1. The wealth gap between the rich and poor is completely unacceptable.
2. It is caused by unfettered markets which reduce people to consumers subordinate to material production.
3. Free markets are heartless, inhumane and idolatrous.
4. Remedying that problem necessitates government interference in the marketplace.
5. . . . based on an ethics of solidarity taking its lead from the poor and prioritizing human welfare and the common good over untargeted economic growth.
6. Solidarity ethics find their origin in God who calls all humans to liberation from slaveries and idolatries of all kinds.
7. So governments must overcome their reluctance to correct the wealth-concentrating tendencies of free markets,
8. . . . and the attitude which sees ethical and theological concerns as counter-productive when they
prioritize the needs of the poor over the profits of financiers and the moneyed classes.
9. Avoidance of these responsibilities makes governments complicit with the crimes of robbery from the poor who (rather than the rich) are the true owners of the resources of God’s creation.
10. Economics and social justice should not be understood as standing in opposition to one another, but as mutually nourishing.

I find the pope’s words encouraging and quite promising. True, most popes (even J.P.II and Ratzinger) made isolated statements in tune with the comments just quoted. And taken as a body, the social teachings of the Catholic Church from Leo XIII’s Rerum Novarum (1891) to Vatican II’s “Church in the Modern World” (Gaudium et Spes, 1965) are progressive enough though they remain the church’s “best kept secret.”

Yet, the words I’ve quoted come from a new pope who (as Boff notes) has demonstrated his concern for the poor in practical ways, and has embodied a preference for simple living, And that might be sufficient reason for hope the pope’s words will define his papacy rather than simply being more papal “blah, blah.”

The jury’s still out.

A Dying Cub Fan’s Last Request

Today’s posting is just for fun. It was sent to me by a life-long friend, Ray Walsh – a White Sox fan – and I thought it worth sharing.

Ray knows I’ve been a Cub fan all my life since the days of “Big Hank Sauer,” Bob Rush, Roy Smalley, Mickey Owen, Wayne Twilliger, and Dee Fondy. Ernie Banks was my boyhood hero. Ray and I had many arguments about who was the better shortstop – Ernie or Luis Aparicio.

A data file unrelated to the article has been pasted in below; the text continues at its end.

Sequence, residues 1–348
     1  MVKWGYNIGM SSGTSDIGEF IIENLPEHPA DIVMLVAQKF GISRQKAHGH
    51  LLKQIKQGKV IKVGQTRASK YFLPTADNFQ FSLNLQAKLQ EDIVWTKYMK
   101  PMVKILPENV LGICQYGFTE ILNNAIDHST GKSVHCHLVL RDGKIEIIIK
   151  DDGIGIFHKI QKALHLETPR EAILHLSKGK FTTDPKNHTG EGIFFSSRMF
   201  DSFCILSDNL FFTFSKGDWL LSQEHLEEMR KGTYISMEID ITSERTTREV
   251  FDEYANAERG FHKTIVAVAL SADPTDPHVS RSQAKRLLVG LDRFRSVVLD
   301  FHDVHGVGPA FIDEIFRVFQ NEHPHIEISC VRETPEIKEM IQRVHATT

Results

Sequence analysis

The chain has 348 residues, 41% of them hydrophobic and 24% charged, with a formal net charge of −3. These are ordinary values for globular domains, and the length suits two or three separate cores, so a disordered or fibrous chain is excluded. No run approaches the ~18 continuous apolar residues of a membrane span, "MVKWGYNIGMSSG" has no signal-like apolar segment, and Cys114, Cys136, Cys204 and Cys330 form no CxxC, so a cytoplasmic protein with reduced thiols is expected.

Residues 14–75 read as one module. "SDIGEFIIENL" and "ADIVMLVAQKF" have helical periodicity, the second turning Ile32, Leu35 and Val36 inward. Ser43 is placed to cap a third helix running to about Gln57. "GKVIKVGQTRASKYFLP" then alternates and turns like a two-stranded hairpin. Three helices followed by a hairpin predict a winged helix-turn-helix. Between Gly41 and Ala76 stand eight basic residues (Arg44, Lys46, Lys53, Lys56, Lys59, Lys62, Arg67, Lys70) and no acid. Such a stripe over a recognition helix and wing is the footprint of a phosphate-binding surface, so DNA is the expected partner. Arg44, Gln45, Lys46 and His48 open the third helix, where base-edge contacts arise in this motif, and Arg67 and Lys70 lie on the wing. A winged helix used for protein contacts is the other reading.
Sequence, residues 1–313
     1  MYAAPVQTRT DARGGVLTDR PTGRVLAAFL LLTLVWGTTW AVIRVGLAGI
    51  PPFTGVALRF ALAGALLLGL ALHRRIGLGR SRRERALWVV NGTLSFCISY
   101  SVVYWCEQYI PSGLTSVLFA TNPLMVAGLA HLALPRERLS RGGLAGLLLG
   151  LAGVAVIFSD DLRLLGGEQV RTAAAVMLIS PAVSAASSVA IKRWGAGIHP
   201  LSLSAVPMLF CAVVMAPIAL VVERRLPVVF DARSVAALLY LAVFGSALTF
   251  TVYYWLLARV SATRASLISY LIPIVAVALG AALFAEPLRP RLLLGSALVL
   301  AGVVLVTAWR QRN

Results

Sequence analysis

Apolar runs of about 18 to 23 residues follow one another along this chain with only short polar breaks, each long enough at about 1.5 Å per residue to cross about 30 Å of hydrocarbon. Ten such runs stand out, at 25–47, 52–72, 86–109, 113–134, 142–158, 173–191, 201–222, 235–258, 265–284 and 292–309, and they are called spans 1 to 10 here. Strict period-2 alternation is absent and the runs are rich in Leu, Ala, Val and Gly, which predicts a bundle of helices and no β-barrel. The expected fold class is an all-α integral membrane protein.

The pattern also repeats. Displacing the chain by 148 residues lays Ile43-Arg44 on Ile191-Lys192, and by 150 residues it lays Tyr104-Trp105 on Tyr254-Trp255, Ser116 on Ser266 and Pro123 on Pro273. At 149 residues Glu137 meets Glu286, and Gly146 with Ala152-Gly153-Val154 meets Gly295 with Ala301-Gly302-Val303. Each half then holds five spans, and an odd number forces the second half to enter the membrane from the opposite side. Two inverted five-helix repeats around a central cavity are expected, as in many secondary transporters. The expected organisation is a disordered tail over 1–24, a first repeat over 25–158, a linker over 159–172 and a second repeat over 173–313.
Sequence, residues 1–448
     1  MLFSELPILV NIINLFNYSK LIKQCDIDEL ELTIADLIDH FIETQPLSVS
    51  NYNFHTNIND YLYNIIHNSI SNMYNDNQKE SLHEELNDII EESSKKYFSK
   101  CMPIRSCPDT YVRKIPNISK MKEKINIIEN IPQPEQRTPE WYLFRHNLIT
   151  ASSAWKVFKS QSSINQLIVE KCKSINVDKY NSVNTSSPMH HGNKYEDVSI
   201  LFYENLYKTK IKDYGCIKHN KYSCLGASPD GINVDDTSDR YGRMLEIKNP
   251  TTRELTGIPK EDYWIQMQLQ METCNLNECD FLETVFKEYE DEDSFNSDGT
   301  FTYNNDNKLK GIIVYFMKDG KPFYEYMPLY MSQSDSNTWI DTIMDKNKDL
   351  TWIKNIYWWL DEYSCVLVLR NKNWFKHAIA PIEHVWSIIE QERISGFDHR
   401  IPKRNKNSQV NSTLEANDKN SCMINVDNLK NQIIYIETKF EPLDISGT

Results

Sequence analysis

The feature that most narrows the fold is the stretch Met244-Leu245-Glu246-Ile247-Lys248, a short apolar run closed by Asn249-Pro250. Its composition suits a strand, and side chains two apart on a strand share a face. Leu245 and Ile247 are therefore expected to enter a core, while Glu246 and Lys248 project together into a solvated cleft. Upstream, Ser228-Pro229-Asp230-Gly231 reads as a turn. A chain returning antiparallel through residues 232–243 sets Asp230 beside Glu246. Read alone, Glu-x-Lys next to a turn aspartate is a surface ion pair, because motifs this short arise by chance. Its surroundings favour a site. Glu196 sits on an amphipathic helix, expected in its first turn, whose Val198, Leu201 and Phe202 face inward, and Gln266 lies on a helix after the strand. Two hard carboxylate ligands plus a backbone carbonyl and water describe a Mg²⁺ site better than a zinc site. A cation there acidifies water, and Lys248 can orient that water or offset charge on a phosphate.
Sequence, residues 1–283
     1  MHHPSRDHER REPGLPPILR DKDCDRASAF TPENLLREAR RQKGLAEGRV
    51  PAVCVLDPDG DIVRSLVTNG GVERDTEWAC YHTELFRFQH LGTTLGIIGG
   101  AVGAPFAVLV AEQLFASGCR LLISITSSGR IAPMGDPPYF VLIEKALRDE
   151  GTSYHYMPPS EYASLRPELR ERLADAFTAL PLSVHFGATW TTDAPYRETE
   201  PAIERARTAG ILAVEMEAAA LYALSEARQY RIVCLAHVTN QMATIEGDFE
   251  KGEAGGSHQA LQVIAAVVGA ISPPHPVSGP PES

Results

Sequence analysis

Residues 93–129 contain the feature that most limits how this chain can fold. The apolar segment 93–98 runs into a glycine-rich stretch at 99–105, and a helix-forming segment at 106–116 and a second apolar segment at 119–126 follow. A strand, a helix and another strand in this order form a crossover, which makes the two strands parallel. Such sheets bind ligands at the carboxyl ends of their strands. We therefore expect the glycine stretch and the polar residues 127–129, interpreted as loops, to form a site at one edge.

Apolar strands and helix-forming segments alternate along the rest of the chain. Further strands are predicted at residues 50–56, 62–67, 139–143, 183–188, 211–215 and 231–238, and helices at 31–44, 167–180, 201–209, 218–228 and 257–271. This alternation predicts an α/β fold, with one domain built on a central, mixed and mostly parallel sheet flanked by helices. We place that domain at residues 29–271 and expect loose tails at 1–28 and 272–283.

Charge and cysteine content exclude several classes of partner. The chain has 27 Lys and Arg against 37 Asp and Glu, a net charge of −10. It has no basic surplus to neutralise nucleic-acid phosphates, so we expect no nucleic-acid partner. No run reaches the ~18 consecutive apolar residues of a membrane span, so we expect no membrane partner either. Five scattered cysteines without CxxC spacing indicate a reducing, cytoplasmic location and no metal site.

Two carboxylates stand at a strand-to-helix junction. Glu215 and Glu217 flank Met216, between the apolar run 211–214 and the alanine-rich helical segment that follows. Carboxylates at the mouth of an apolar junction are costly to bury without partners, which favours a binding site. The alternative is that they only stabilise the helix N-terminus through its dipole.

I’ve even inflicted my Cub fan-ism on my children. Growing up, my daughter, Maggie, had a crush on Cub first baseman, Mark Grace. No summer time visit home is complete without my sons, Brendan and Patrick, going with dad to Wrigley Field to “root, root, root for the Cubbies” — as old Harry Carey always sang it.

Lately though, I’ve found myself less interested. When I speak with my brother, Jim, on Skype he always fills me in on the latest Cub loss. Last week, Jim was telling me how the Cubs are improving and “should be a .500 ball team this year.” (I remember, by the way, that .500, “breaking even” – winning as many games as they lost – was the best any of us could expect of the Cubs when I was growing up. Usually they didn’t even make that.

And then there was 1969! I remember so well that the Cubs were on their way to their first pennant since 1945, and perhaps their first World Series since 1910. And then there was the big September collapse. I still haven’t forgiven the Mets for overtaking them.

Don’t even mention Steve Bartman!

Oh, well, as they say in Chicago, “Any team can have a bad century.”

I could go on and on about this. But Steve Goodman has done it for me. He’s said it all in this video Ray sent me, “A Dying Cub Fan’s Last Request.” Enjoy!

“You Lose; You Lose; You Lose; You Lose, and then You Win”: The Difference between Knowledge and Wisdom (Sunday Homily)


Readings for Trinity Sunday: Prv. 8: 22-31; Ps. 8: 4-9; Rom. 5: 1-5; Jn. 16: 12-15.

As I was preparing this week’s homily, I thought I would focus on a piece of good news for people of faith. For me, that would be a change of pace, because the pages of our newspapers are daily filled with such bad news. At last, I thought, there was something good to report – and related to this morning’s liturgy of the word and its surprisingly indigenous and tribal themes about Wisdom, the Great Spirit and their manifestations in God’s creation. Unfortunately my piece of good news did not stand up to history’s harshness to indigenous people and to the rest of us who are not rich and powerful.

I’m referring to the recent conviction of Guatemala’s ex-president, Rios Montt on charges of genocide. As a frequent visitor to Guatemala along with my students, I’ve followed closely efforts by Guatemala’s Mayan population to bring Montt to justice.

General Efrain Rios Montt was the U.S.-supported dictator who took power by a coup d’état in 1982. On May 10th (just a couple of weeks ago) he was held responsible for the deaths of more than 1700 Guatemalan Mayans in a 40 year-long war that killed more than 200,000 “Indians,” and disappeared more than 30,000 others.

It was the first time a modern head of state has been convicted of genocide in his own country. The octogenarian president, who had been trained at Washington’s Kennedy School, was a vocal born-again Christian, and supported by President Reagan and the Washington establishment was sentenced to more than 80 years in prison.